Personally I found OS X completely unusable before 10.3 came out.
Mac users are often the worst critics of the Mac OS. I've seen forum posts where graphics guys pointed out inconsistencies in the direction of drop shadows of parts of the GUI...

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Post by Bear » Mon Mar 13, 2006 12:31 pm

stratology wrote:Hey Bear,

I guess it's quite obvious from your posts that you are very proficient at setting up and configuring PCs, finding out what hardware works etc. No doubt it's possible to set up a PC so it's possible to do good work on it. No argument there. Someone less proficient might be less successful. I worked with a guy in a studio once, he spent between 30 and 45 minutes troubleshooting his laptop every day, just to keep things running. Had to shut down and reboot so the comp was able to see that a mouse and monitor was plugged in.
When it did work, I really liked Wavelab on it..

Being not able to launch multiple apps was my personal experience. This was on XP PCs, set up by corporate IT guys. If it works for you, this means it was probably a problem with the setup, not a problem with XP.


trashy wrote:
stratology wrote:If you want to find meaningful criticism of the Mac OS and hardware, go to arstechnica, and look up reviews of OS X and Apple hardware. They are much better at pointing out weaknesses than Windows users who are not really familiar with Macs.
you know, this is a good point. it would be way more helpful if mac users criticized macs, and pc users criticized pcs. most of the complaints I hear about macs are horribly outdated. same for pc complaints. we can all agree that windows 98 and os 9 suck.
As far as I know the most common criticism of OS X is the Finder. The Finder in OS 9 worked SO much better. OS X still (at 10.4.5) occasionally forgets views of previously opened Finder windows. And the Finder of my old '98 Rev B iMac (233MHz G3, 288MB RAM, running 9.2.2) is STILL much more responsive than the Finder on the Powerbook (1GHz G4, 768MB RAM).
Personally I found OS X completely unusable before 10.3 came out.
Mac users are often the worst critics of the Mac OS. I've seen forum posts where graphics guys pointed out inconsistencies in the direction of drop shadows of parts of the GUI...
Oh, I'm not arguing the stability of a store bought PC versus a store bought mac. Most of the PCs you get from somewhere like Best Buy have one bloated device -- say, a huge processor ... something to put in bold print with an exclamation point -- and then nothing to back it up. So they crash, they get hung up on the silliest things, and some even come stocked with way outdated drivers (sometimes 2 and 3 years old) and hardware conflicts.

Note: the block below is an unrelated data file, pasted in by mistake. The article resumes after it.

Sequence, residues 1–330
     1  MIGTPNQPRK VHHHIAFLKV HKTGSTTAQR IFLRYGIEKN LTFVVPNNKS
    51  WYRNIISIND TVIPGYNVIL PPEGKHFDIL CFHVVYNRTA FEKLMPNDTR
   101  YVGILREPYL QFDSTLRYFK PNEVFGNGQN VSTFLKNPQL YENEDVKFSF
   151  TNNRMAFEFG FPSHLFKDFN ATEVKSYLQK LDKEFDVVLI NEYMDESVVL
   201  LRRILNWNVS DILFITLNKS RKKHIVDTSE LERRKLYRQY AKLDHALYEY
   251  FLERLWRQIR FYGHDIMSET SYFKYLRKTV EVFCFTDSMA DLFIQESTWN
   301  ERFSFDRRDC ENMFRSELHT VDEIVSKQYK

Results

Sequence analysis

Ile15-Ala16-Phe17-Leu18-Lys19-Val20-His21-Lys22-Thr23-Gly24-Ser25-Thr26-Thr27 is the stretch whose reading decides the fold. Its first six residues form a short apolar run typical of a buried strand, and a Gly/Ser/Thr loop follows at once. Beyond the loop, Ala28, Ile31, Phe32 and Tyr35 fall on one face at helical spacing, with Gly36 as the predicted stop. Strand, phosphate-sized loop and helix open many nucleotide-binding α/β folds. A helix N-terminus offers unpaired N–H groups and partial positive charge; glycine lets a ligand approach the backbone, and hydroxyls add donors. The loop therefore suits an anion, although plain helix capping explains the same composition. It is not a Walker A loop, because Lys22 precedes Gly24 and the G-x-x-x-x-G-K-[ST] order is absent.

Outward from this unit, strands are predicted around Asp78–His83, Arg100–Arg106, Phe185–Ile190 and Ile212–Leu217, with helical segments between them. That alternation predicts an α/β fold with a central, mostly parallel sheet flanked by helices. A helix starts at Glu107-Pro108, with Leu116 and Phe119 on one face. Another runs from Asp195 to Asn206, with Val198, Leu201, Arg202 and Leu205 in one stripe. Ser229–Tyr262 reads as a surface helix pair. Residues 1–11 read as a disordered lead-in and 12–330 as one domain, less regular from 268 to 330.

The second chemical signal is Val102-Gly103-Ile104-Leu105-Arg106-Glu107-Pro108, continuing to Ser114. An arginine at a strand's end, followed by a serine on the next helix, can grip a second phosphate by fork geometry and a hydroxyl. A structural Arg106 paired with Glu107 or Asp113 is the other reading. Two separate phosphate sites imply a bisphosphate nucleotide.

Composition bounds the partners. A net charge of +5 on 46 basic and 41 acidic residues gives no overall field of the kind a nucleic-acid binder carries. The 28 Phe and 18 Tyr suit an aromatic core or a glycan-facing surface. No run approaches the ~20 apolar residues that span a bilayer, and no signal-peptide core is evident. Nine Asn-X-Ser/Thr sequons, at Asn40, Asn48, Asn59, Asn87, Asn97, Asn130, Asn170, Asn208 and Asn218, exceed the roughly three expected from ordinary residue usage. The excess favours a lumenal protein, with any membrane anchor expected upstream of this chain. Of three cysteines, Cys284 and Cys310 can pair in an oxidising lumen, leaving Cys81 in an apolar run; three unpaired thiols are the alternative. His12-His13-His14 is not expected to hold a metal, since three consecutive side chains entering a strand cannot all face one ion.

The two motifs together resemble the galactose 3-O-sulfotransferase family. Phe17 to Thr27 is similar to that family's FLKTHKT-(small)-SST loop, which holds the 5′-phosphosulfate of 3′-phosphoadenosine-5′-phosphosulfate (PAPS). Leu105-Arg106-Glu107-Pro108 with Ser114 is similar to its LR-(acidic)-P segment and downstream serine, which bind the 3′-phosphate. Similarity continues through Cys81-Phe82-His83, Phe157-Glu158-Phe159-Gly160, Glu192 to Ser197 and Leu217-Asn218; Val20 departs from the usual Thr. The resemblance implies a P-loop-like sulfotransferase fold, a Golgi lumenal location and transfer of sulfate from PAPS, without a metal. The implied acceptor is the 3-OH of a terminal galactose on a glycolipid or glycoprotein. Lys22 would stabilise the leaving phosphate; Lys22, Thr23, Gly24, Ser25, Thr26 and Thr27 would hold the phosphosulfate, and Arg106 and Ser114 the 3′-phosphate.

But on the flip side, I have a friend who switched to Mac because he was always having trouble with his PC. He didn't really know what he was doing and figured Macs would be easier. His Mac runs pretty poorly too, and struggles with things it is more than capable to run. This isn't the system; he just doesn't know how to work with it, and hardly ever maintains anything. Computers are computers.

Really, the biggest issue I personally have with PCs is finding the right marriage between hardware. Since everything is third party, you can get into some quality control issues. But a little research goes a long way in this regard, and I haven't had a problem with my current system.

My biggest gripe with Macs is the layout and the price. I don't have the money to get a really good one (and even if I did ... I could get a laptop and a desktop for about the same amount), and I don't like the layout of the OS. But they're not bad systems, and I can easily see why people like them. They're just not my bag. I also play the occasional game (well ... counter strike), which is another reason I'm PC.

As for my problems with XP, some of my biggest issues are the way it tries to implement security and other "no hands" kinda stuff. Basically, disabling everything that XP runs automatically in the background and ditching crap like their "firewall" (the first thing every hacker/virus junky tackles) you're resources are already being allotted much better. Use third party security (AVG is really great for watching your back and using very little resources ... and it's free), download updates from the site instead of using the auto version and set up anything like a network manually and most problems will go away. For a home user anyway.
I am wangtacular.